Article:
1969 – USC 14, Notre Dame 14 
For the second straight year, the Irish tied the Trojans. Notre Dame came into this game at 3–1, having lost to Purdue and their quarterback, Mike Phipps, for the third consecutive year while USC was undefeated. After a scoreless first half, the Irish scored first, but the Trojans took a 14–7 lead in the fourth quarter. Notre Dame tied it after blocking a USC punt deep in their own territory. As was the case a year earlier, the Irish missed a field goal late in the game that would have put them ahead. USC would finish 10–0–1 with a Rose Bowl win over Michigan while Notre Dame would make its first bowl appearance in 45 years, losing to eventual national champion Texas in the Cotton Bown in a 21–17 thriller.[20]
1970 – USC 38, Notre Dame 28 
Notre Dame was 9–0 and ranked #2 behind Texas, whom they would face in a rematch in the Cotton Bowl Classic,[20] while USC was 5–4–1.[16] In one of the most remarkable performances in college football history, Heisman Trophy runner-up Joe Theismann set a still-standing single game school record with 526 passing yards – in a losing effort.[25] The fact that the game was played in a torrential downpour made Theismann's feat that much more amazing. Down 24–14 at the half, two fumbles, one in their own end zone, proved costly for the Irish, as the Trojans extended their lead to 38–14. Notre Dame came back to within ten early in the fourth quarter, but would not get any closer. They would go on to end Texas's 30-game winning streak with a 24–11 victory in the Cotton Bowl.[25]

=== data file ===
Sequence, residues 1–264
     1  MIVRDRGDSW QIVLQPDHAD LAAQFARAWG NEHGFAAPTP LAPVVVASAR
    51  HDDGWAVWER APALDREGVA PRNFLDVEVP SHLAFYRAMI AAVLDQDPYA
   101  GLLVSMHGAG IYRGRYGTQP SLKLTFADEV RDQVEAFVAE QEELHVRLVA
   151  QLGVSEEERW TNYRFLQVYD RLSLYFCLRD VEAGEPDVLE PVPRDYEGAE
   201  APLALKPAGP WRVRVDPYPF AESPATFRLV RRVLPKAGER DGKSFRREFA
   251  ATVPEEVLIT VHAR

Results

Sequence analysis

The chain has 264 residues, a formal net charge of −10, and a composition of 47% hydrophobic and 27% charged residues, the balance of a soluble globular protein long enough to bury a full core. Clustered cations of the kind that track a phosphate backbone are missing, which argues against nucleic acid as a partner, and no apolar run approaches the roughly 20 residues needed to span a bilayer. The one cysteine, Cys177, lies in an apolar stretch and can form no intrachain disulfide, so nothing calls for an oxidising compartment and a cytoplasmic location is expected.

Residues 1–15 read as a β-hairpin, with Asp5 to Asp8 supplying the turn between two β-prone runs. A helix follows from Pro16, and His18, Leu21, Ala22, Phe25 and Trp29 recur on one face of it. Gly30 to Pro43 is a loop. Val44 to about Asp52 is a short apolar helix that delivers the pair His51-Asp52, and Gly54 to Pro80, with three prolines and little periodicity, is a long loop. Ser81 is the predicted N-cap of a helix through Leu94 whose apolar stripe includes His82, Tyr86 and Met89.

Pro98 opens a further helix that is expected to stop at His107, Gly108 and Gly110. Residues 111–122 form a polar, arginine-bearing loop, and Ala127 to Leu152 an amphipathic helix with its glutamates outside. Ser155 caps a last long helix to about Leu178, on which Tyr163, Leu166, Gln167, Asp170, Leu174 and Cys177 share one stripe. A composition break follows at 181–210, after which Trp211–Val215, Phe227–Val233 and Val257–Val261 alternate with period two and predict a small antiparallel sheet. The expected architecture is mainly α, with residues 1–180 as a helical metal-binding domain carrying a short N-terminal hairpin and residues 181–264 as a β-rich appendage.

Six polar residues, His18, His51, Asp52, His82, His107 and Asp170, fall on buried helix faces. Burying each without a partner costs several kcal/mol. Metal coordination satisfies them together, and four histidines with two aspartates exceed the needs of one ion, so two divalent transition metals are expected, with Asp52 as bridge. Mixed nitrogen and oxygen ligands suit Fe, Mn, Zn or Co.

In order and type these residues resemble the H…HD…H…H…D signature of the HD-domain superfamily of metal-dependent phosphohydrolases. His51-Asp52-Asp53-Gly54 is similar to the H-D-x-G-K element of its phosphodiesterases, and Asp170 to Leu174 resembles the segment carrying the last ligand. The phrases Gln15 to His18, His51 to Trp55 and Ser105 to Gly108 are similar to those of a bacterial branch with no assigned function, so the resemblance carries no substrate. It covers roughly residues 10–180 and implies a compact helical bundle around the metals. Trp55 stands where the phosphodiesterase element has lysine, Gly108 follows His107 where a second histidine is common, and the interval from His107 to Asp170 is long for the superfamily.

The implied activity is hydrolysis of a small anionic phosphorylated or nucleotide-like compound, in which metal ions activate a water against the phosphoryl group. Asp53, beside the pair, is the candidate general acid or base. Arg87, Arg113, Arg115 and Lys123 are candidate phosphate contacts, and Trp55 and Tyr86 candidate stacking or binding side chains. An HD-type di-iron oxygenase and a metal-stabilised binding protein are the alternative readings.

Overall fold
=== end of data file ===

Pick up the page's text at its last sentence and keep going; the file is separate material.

1972 – USC 45, Notre Dame 23 
USC was 10–0 and ranked #1,[21] fielding what was arguably their best squad in school history while the Irish were 8–1 and Orange Bowl-bound.[20] Trojan tailback Anthony Davis did the most damage, scoring six touchdowns including two kickoff returns that went the distance. The Trojans went on to rout Ohio State in the Rose Bowl and to claim the national championship[21] while Notre Dame would suffer its worst defeat under coach Ara Parseghian against Nebraska in the Orange Bowl, 40–6.[20]
1973 – Notre Dame 23, USC 14 
Notre Dame was 5–0.[20] while the Trojans were 5–0–1.[21] Anthony Davis was a marked man all day, managing only 55 yards rushing. Eric Penick's 85-yard touchdown run early in the third quarter was the key play of the game. Notre Dame's defense set the tone on the first play of the game when Trojan quarterback Pat Haden attempted a swing pass to Lynn Swann, who was hit so hard by freshman Luther Bradley that his helmet flew off. Bradley's interception late in the game sealed the victory, only the third for Ara Parseghian against the Trojans.[20] The Irish would proceed to run the table and stake their claim to the national championship after a thrilling 24–23 win over Alabama in the Sugar Bowl. .[20]